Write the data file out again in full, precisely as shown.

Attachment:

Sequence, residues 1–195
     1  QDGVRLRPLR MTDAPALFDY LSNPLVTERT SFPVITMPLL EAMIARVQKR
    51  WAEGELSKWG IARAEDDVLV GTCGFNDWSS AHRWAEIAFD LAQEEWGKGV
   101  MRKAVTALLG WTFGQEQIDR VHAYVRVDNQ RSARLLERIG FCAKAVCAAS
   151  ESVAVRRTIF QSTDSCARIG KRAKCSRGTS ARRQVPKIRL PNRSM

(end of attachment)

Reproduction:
Sequence, residues 1–195
     1  QDGVRLRPLR MTDAPALFDY LSNPLVTERT SFPVITMPLL EAMIARVQKR
    51  WAEGELSKWG IARAEDDVLV GTCGFNDWSS AHRWAEIAFD LAQEEWGKGV
   101  MRKAVTALLG WTFGQEQIDR VHAYVRVDNQ RSARLLERIG FCAKAVCAAS
   151  ESVAVRRTIF QSTDSCARIG KRAKCSRGTS ARRQVPKIRL PNRSM